Commonsense Christianity

Commonsense Christianity

5 Things to Know about Forgiveness

posted by Carolyn Henderson

The first time I heard this sentence:

“Jesus talked about hell more than anything else,”

Morning's Glory inspirational original oil painting of still life roses and flowers in clear green glass vase by Steve Henderson

Forgiveness is more than mumbling, “I’m sorry.” It’s actually a beautiful thing, worth desiring. Morning’s Glory, original oil painting by Steve Henderson.

I knew it was inaccurate, but hadn’t read the Bible enough to say so with confidence. Now that I have grown up, as a Christian, and started chewing meat, I read very little about hell, and much, much more about love.

Another favorite topic of Jesus’s, but not necessarily ours, is forgiveness.

We all know we’re supposed to do it, we feel bad when we don’t, and sometimes it’s easier to just not think about it. But forgiveness is such a crucial element to Christianity — because it’s a major factor in love — that it’s worth asking God to help us successfully accomplish it:

It’s Difficult

1) Forgiveness isn’t easy.

While this sounds ridiculously obvious, it’s worth mentioning because, within some Christian circles, there is this idea that we are patient, holy, even-tempered beings, and if we’re not, then the Holy Spirit is not living in us.

But Ecclesiastes 7:20 quite practically reminds us,

“There is not a righteous man on earth who does what is right and never sins.”

And 1 John 1:8 says,

“If we claim to be without sin, we deceive ourselves and the truth is not in us.”

When someone hurts us or someone we love, we hit, and hate, back — this is a natural, normal response, and to deny it is to deny our humanity. When we place unrealistic expectations upon our goodness — goodness that we pressure ourselves to generate from within and not rely upon God to give and nurture — then we will be disappointed.

It is better to acknowledge the difficulty of the forgiveness process to God and ask Him to help us with it, then plow ahead and slap ourselves because we don’t feel loving and kind.

It’s Slow

2) Forgiveness isn’t quick.

Galatians 6:1 tells us,

“Brothers, if someone is caught in a sin, you who are spiritual should restore him gently. But watch yourself, or you also may be tempted.”

It takes time for a person repenting of a sin to change; and it takes time for the person against whom he has sinned to work through the matter. The process of “restoring someone gently” is just that — a process — and it may take days, weeks, and sometimes years to finish it.

Sophie and Rose inspirational original oil painting of young woman and child hanging up clothes outside seaside Victorian home by Steve Henderson licensed prints at Great Big Canvas, amazon.com, art.com, Framed Canvas Art and iCanvasART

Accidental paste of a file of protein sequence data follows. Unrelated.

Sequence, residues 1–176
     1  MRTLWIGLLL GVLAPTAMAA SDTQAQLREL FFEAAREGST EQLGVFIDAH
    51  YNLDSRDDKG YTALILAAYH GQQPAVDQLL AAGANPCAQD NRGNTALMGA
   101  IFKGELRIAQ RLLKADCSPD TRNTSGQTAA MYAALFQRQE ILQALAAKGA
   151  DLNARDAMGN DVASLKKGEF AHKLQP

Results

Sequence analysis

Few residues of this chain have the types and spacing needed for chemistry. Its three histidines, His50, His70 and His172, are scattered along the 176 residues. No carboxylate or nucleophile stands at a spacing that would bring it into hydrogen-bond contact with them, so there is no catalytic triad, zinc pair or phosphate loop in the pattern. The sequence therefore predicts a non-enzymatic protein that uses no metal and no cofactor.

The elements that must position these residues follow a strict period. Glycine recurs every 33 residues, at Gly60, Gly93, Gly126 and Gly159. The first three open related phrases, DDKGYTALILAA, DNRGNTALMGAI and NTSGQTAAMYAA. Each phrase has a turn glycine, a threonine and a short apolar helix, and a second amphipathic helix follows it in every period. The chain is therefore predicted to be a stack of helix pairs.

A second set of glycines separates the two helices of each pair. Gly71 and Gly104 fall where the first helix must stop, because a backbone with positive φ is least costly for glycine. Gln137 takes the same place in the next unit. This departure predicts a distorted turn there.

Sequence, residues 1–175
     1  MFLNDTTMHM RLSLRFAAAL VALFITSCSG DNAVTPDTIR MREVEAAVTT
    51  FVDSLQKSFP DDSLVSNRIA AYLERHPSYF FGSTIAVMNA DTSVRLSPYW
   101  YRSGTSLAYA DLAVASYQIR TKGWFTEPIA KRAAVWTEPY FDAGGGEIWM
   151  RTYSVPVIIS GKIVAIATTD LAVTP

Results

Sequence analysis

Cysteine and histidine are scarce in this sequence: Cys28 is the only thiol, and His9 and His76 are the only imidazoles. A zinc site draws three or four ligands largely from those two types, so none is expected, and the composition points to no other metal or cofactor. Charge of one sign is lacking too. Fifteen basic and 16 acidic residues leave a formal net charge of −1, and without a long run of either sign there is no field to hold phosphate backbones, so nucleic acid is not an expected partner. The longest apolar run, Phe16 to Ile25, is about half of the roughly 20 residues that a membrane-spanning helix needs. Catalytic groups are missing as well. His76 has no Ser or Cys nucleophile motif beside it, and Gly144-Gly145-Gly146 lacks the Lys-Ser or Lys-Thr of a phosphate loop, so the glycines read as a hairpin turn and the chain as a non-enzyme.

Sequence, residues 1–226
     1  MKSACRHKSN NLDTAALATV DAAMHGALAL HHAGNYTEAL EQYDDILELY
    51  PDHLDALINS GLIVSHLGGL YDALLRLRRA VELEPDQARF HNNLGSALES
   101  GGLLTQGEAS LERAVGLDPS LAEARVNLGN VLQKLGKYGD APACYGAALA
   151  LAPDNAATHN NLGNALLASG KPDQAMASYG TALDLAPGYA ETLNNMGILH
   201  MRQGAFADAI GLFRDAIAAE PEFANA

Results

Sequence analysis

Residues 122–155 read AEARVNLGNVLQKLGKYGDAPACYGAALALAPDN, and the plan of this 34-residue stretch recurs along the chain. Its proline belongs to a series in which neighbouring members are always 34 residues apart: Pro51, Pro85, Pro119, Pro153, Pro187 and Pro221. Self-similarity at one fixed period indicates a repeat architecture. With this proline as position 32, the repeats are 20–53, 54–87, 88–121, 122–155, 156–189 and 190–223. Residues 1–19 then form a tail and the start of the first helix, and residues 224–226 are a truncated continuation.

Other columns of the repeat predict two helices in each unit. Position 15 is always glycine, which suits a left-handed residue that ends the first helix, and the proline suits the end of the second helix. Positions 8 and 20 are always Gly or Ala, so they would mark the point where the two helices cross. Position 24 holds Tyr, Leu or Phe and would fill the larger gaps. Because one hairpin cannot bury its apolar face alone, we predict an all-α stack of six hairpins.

Forgiveness is an essential part of any healthy relationship — if there are two people, forgiveness, at some time, will be called upon. Sophie and Rose, original oil painting by Steve Henderson; licensed prints at Great Big Canvas, Art.com, Amazon.com, Framed Canvas Art, and iCanvasART.

There are people in all our lives who did damage years ago — damage so significant that it caused scars — and the wound repairs slowly, but it does have the potential to repair. Forgiveness is the act of not picking at the scab.

It’s Complicated

3) Forgiveness is not always accompanied by positive, glowing feelings.

“Do not hate your brother in your heart,” Leviticus 19:17 commands. “Rebuke your neighbor frankly so that you will not share in his guilt.”

When someone hurts us, there’s nothing wrong with standing up and telling them so (this is honesty; not bitterness). Afterwards, part of the process of forgiveness is releasing the angry feelings — which are often entirely justifiable — so that we don’t become ugly and foul within our soul.

It’s important to note that there is a distinct difference between absence of negative feelings and the presence of positive ones — success with Part A does not ensure instant success with Part B, and indeed, with some people, the best way we can love them is to consciously agree to not hate them.

It’s not perfect, but it’s a start.

It’s Ongoing

4) Forgiveness is a process, not a one-time thing.

The apostle Peter, always one of my favorites because he’s so refreshingly honest, once asked Jesus:

“‘Lord, how many times shall I forgive my brother when he sins against me? Up to seven times?’

“Jesus answered, ‘I tell you, not seven times, but seventy-seven times.'” (Matthew 18:21-22)

Obviously, Peter thought that seven times was fairly generous, but Jesus – whose ways are not our ways, as anyone who has read through the Sermon on the Mount begins to realize — has a different idea.

While this passage implies that we are forgiving multiple sins from the same person, forgiving seventy-seven times may also mean that we are returning to the forgiveness of the same initial sin, multiple times, because we just can’t give up our feelings of bitterness toward this person.

Many, many years ago, there was a person in my life who was exceptionally difficult to forgive, but after a significant amount of time, I consciously chose to do so, and told the person this in conversation. However, thoughts of this person continued to annoy me, and I repeatedly stood before God, requesting help with these feelings. One day, to my surprise, when I thought of this person I found that they no longer bothered me, and while I’ll probably never put them on the list for my next birthday party, I can hear their name without rancor.